I had another short visit to the con on Sunday morning, then left at 11:30am to catch my flight, which proved to be an entire adventure in its own right!
Anyway, here are some of the highlights. Click on the photos to enlarge them.
There were loads of translated Savage Worlds books (particularly for Deadlands), as well as some original Italian settings. I discussed the translation process with some of the GGstudio guys, and they raised some interesting points I hadn't really considered—for example, it wasn't enough just to translate the text of East Texas University, they also added a small section describing how the American school system works, as it's very different to the education system in Italy.
Gold & Glory
What can I say about Gold & Glory that I haven't said already? This is the ultimate toolkit for dungeon crawling in Savage Worlds, and impressed me so much that I offered to write a SotGH crossover adventure for it. GGstudio then translated my adventure to Italian, and offered it as a fold-out freebie at the con, but I don't know if they plan to release it in English as well. However I'm thinking of writing another one anyway, this time from the goblin perspective!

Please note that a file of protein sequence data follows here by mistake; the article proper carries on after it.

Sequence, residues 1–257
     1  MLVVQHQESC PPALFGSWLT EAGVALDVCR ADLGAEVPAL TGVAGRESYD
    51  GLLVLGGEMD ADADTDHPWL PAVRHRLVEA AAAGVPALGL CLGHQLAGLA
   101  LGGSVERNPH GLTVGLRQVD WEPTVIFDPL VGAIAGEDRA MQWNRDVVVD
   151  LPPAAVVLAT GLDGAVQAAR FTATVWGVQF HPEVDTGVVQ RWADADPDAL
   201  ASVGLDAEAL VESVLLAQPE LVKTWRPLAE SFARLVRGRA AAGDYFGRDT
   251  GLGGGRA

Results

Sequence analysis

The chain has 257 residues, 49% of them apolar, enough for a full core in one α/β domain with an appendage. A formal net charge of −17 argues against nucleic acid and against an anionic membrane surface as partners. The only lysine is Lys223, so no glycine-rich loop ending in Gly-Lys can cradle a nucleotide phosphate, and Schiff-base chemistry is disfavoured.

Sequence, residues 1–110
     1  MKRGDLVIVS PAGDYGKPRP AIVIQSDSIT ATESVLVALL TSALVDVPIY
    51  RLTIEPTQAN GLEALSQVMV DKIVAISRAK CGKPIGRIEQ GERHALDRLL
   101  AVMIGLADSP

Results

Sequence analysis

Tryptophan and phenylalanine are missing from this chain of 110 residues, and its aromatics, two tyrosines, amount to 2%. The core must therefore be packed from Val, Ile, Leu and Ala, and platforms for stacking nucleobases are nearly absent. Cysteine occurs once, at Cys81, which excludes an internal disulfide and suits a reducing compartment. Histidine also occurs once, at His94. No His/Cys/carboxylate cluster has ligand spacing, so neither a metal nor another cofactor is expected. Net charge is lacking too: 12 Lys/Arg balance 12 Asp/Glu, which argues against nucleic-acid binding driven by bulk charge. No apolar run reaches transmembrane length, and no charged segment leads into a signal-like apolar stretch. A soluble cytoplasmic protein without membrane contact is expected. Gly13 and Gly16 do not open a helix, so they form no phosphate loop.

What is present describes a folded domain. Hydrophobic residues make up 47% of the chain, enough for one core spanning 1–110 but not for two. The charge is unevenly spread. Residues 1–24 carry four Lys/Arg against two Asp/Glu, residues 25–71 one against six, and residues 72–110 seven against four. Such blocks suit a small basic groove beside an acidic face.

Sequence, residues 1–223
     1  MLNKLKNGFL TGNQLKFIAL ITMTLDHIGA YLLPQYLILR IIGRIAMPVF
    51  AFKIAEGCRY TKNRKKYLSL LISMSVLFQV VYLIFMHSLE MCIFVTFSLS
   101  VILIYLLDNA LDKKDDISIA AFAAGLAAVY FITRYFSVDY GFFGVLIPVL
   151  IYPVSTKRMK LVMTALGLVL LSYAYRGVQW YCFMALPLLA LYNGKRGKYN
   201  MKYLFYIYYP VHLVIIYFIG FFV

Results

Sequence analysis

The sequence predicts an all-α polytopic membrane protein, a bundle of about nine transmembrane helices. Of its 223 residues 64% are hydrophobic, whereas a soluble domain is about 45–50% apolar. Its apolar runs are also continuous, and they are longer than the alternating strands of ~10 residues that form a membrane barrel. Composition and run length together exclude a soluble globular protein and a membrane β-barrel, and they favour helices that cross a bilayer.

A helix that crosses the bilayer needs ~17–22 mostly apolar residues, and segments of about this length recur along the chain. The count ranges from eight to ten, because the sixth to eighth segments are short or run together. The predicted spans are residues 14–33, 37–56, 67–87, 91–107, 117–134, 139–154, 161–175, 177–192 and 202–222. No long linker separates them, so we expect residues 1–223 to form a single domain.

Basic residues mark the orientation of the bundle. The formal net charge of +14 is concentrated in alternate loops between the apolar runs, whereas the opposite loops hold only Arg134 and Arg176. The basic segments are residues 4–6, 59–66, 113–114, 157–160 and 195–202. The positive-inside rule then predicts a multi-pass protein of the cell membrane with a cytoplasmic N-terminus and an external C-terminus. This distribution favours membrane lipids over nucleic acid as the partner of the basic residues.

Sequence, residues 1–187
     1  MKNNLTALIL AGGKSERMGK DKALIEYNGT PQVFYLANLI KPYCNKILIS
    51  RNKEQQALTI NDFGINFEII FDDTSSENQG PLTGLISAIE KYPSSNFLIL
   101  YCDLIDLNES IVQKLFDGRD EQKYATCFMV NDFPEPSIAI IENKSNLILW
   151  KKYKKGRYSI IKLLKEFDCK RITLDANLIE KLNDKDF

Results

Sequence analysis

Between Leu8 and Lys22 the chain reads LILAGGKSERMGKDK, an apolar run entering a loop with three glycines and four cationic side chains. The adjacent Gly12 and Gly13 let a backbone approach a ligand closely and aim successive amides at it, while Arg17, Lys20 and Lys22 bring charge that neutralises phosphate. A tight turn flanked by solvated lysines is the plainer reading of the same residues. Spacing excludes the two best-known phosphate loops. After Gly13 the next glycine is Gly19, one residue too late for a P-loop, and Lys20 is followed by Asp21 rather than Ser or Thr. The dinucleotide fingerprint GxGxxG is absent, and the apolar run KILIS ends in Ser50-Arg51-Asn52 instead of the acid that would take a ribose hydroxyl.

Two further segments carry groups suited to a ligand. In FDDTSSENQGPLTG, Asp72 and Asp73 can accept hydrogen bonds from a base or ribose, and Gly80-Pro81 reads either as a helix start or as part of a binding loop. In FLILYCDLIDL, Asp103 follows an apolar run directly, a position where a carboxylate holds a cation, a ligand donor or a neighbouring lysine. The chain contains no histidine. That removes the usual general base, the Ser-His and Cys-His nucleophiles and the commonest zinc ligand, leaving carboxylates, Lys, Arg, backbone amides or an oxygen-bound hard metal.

One of the games that really caught my attention was Fleshscape, by Emanuele Galletto. It's a minimalist RPG with a very unusual setting (a sort of Lovecraftian post-apocalyptic world covered in flesh, bone and sinew, with rivers of blood and puss, where the PCs are primitive hunters fighting for survive). Emanuele does all his own artwork, and admitted that one of the reasons he chose the theme is that he's not very good at drawing buildings! The concept is really awesome though, and the PDF is available for free on DriveThruRPG, so I'd definitely recommend checking it out.